I wonder if any of you can refresh my memory on who made a study of this subject:
I remember reading once that a mathematician went to a fairground and saw a stall where you had to guess the weight of a cow and, if you guessed correctly, you could keep the cow.
What he did was to total up the guesses of all the other entrants and then found the average weight
and he wrote that figure on a slip of paper. When the cow was weighed his answer was something like 1LB off the actual weight. He studied this again and again and came to the conclusion that a team of people could always form a better guess than any individual, if they used this technique. So long as the guesses were not outrageously off the target (for example it would be ridiculous to say there were only three chocolates in a jar if there were clearly more than 20).
I just wondered if anyone knew of this and who the person was that did these little tests?
Last edited by cray (2006-10-10 05:26:15)
That's an interesting theory. I don't think it would work with all situations though.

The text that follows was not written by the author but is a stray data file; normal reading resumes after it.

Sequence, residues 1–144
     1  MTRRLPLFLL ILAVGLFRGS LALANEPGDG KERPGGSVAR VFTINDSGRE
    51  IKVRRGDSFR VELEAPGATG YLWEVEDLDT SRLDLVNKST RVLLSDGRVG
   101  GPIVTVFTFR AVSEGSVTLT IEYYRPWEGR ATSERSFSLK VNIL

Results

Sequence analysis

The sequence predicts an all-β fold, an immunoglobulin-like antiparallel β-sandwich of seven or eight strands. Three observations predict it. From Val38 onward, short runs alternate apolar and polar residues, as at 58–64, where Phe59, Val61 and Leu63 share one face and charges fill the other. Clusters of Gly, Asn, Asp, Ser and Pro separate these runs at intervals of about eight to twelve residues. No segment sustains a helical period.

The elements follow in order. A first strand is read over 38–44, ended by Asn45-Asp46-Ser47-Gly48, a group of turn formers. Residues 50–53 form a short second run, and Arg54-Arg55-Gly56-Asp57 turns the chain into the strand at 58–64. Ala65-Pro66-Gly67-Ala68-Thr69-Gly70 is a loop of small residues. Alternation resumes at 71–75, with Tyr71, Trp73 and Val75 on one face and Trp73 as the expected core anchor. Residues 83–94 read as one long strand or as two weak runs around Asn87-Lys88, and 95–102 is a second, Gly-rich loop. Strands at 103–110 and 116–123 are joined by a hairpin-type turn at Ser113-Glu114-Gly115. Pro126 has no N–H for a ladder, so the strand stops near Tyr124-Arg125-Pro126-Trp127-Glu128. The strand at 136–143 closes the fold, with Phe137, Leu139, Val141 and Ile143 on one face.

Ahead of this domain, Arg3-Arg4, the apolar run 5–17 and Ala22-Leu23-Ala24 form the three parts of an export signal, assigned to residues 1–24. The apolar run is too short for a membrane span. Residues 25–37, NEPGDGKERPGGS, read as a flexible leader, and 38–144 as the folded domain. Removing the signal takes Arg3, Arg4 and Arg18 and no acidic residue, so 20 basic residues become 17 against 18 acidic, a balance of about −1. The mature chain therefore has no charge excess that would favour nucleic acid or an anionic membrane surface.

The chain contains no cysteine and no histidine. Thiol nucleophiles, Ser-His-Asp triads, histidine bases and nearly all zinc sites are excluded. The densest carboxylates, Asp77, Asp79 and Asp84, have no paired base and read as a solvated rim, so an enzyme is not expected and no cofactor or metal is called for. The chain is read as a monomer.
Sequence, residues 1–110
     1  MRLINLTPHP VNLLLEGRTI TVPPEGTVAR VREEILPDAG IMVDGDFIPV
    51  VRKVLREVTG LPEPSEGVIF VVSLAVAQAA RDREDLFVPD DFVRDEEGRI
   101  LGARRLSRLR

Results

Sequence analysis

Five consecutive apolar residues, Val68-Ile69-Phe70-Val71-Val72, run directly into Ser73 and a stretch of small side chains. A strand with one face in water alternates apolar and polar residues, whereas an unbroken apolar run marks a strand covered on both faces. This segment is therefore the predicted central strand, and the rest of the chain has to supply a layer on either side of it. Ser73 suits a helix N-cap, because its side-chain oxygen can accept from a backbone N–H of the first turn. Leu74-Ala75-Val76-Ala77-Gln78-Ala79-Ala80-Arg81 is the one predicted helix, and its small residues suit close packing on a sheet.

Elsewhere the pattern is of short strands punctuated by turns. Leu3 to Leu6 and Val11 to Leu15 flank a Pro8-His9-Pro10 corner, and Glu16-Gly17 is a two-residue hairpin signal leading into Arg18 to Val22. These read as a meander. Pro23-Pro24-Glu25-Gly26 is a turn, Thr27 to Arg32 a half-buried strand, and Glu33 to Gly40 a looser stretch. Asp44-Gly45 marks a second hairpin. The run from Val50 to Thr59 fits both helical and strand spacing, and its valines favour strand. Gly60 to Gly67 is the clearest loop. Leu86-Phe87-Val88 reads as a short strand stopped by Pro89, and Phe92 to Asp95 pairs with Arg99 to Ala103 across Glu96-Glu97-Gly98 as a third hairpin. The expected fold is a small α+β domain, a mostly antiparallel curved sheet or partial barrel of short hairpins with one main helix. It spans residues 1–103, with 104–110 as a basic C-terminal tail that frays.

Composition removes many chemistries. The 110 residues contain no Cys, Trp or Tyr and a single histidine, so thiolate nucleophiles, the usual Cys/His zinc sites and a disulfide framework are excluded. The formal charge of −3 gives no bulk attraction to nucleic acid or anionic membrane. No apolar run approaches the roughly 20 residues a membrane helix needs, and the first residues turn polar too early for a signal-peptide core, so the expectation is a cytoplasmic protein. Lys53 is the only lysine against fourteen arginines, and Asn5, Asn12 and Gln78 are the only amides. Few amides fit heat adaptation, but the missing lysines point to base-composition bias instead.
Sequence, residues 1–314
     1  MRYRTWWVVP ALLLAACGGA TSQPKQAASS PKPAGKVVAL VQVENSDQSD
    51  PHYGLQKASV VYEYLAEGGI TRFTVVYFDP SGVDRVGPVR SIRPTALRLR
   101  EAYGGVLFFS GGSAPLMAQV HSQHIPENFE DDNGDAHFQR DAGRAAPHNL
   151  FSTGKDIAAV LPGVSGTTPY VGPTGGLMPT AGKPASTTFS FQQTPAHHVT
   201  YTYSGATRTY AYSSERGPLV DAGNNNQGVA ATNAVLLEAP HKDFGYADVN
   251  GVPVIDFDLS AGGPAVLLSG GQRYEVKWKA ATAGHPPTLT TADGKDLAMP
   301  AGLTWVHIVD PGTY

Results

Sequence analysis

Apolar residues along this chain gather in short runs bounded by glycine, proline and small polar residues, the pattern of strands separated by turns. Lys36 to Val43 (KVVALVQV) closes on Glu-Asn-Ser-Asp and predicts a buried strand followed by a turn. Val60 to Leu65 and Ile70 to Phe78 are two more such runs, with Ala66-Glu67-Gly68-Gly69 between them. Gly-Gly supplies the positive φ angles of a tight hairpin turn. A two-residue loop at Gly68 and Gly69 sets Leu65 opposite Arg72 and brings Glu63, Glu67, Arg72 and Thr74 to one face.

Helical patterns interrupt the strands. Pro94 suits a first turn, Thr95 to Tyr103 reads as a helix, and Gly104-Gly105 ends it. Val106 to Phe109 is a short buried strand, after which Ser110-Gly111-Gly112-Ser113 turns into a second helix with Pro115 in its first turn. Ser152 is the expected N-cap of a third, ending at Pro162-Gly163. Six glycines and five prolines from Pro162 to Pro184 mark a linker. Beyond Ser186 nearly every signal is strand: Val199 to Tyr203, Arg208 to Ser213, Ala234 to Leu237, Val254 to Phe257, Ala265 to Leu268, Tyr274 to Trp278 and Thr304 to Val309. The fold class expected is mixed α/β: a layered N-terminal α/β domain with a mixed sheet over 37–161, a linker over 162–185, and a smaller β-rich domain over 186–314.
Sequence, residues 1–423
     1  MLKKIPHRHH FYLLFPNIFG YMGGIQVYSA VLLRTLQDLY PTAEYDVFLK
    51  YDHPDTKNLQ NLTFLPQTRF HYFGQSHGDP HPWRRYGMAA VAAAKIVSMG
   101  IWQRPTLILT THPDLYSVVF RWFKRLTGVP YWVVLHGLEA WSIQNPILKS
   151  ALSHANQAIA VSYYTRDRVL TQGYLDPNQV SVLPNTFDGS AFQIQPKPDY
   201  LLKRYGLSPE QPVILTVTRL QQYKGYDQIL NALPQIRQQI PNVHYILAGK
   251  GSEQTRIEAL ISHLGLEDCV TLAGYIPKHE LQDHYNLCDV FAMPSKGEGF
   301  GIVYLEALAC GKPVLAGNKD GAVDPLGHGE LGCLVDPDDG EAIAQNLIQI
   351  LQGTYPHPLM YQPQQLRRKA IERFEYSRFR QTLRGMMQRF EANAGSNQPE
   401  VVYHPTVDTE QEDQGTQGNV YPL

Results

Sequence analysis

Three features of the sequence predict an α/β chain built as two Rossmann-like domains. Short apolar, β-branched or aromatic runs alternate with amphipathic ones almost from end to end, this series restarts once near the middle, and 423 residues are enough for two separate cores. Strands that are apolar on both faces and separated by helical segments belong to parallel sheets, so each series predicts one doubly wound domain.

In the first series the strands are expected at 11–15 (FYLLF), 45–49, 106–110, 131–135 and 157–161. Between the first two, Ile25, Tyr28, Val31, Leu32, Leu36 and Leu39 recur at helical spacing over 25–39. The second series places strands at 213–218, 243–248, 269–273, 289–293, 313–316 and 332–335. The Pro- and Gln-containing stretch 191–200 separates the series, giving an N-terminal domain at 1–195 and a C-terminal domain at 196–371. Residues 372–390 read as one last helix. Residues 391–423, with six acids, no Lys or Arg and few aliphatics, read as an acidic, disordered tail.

If you asked a group of people to estimate something where the answer was counter-intuitive, then they'd all go too high or all go too low, so having more people wouldn't help.
Why did the vector cross the road?
It wanted to be normal.
By taking the mean and the standard deviation a couple of guessers could get together and do better than a single one. How much better? That would depend on the sd. But would that increase the expectation of the guessers? Probably not.
In mathematics, you don't understand things. You just get used to them.
If it ain't broke, fix it until it is.
A number by itself is useful, but it is far more useful to know how accurate or certain that number is.